Pizza and vino Italiano — perfezione!
Give your favorite pizza an extra boost by pairing it with the perfect Italian wine.
When I say that the beauty of pizza is its versatility, I quickly remember that wine fits into the same mold. You can wash your pizza down with beer, or you can steer your salivary glands into some delicious and appropriate Italian wine.
Pizza usually dictates that you drink more moderately priced wines. You don’t need expensive wines for savory Italian brick-oven pies. You just need the right wines.
Match the weight of the wine to the weight of the pizza. A big Chicago-style thick-crust pizza with lots of red sauce and meat will need a more robust style of red wine, such as Primitivo, Amarone, Chianti Classico or Barolo. A thin-crust pizza with a white sauce, feta cheese and veggies, such as artichokes, spinach and mushrooms, calls for a more modest white wine — Chardonnay, Pinot Bianco, Sauvignon Blanc, Falanghina or Fiano d’Avellino.
If you have several salty items on your pizza — sardines, anchovies, salami, proscuitto and pepperoni — you will want a white wine with high acidity to cut through the saltiness.
If you have spicy ingredients on your pies — wasabi, jalapeño, habanero or serrano pepper — drink an off-dry (slightly sweet) white wine or an off-dry rosé wine. Keep in mind: Sparkling wine is a terrific partner with pizza, particularly burn-your-mouth-to-pieces pizza.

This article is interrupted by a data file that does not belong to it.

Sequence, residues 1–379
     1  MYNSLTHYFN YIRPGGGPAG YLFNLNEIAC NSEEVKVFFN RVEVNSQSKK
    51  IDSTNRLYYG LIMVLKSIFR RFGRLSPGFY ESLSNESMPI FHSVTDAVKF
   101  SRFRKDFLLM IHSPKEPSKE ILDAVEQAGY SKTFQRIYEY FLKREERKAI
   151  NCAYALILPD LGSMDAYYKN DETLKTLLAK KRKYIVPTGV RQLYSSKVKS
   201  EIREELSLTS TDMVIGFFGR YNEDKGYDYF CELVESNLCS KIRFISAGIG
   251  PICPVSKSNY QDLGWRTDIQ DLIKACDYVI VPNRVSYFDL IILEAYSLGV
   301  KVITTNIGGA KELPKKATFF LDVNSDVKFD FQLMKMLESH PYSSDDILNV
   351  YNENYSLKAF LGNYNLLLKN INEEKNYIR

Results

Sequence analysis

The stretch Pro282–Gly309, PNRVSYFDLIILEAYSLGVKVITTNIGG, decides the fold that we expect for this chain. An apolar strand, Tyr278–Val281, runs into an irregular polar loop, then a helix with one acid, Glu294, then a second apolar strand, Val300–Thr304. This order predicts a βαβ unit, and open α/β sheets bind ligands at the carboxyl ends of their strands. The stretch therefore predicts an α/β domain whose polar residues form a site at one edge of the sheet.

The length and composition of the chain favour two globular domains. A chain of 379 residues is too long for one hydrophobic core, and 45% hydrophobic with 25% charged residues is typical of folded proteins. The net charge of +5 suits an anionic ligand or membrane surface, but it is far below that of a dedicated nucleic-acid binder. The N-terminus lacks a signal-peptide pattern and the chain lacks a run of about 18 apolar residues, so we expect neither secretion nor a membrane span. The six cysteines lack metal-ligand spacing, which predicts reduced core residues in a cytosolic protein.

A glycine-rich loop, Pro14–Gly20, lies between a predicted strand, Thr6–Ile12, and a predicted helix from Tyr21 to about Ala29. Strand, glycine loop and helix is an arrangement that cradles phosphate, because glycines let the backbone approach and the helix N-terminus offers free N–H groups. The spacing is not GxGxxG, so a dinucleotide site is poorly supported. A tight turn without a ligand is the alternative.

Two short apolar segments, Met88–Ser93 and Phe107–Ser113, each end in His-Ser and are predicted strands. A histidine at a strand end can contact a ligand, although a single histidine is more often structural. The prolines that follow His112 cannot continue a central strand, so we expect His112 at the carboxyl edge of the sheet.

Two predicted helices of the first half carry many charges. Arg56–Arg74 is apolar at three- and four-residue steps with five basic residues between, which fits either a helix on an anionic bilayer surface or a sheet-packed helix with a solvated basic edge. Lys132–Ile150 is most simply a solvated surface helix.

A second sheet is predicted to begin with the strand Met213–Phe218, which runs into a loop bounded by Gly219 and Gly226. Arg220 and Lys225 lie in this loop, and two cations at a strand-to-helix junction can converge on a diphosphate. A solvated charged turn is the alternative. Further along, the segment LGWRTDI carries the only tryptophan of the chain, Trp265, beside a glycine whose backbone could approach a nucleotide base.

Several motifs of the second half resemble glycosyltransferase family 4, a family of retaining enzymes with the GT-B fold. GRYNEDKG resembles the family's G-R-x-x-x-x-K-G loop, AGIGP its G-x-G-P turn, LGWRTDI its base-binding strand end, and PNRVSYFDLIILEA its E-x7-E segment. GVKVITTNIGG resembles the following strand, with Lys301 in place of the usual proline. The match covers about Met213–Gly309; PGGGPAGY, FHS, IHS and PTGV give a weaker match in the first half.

My favorite non-Italian wines for pizza are: Gamay (Beaujolais), Pinot Noir, Malbec, Syrah, light-bodied red Zinfandel and Cotes du Rhone or Grenache-based wines.
If you try a wine with your pizza that you aren’t wild about, use this little trick: Squeeze a little lemon over the top of the pizza (not too much) and add a sprinkle of kosher salt. Take another bite and you’ll be amazed how the taste of the pairing changes.
This means you can pretty much drink any wine with any pizza and never be disappointed. Start with the following Italian wines and enjoy the art of eating pizza — like an Italian! Salute!
Sips at home
Layer Cake Primitivo (aka Zinfandel) 2008, Puglia, Italy — $14.99
Big wine calls for big pizza. This has jammy, ripe black and red fruit flavors and pairs well with meaty styles of pizza. Think of loaded supreme pies with the whole kitchen sink thrown on top. Primitivo is almost identical to red Zinfandel and fun to try.
Dressed to refresh
Villa Antinori Toscana 2010 Italian white — $14.49
Made from Malvasia and Trebbiano and a 20 percent kiss of Chardonnay to add some weight and complexity, this wine is refreshing and terrific with both white- and red-sauce-based pizzas. However, it really shines with veggie and slightly spicy pies.
A rich companion
Tommasi Valpolicella 2009 Italian red — $15.99
I cut my teeth in college with Bolla Valpoliclla and have made my way back to this soft and smooth blend of Corvina, Rondinella and Molinara. This is a fruity style of wine with medium-plus acidity to tame the richness of any pizza.
Sips around town
General Manager Travis Araiza recommends pairing Italian Barbera d’Alba by Batasiolo with Andolini’s Demarco of Brooklyn pizza. What could be better on a Tuesday night? Try a glass for $9 or the bottle for $36. 1552 E. 15th St., 918-728-6111
Manager Amelia Dorman loves the café’s Bristow Pizza with artichokes and mushrooms paired with the lively Ceretto Arneis white wine for $47 or a half-bottle of Santa Margherita Pinot Grigio white wine for $25. 1748 Utica Square, 918-712-7470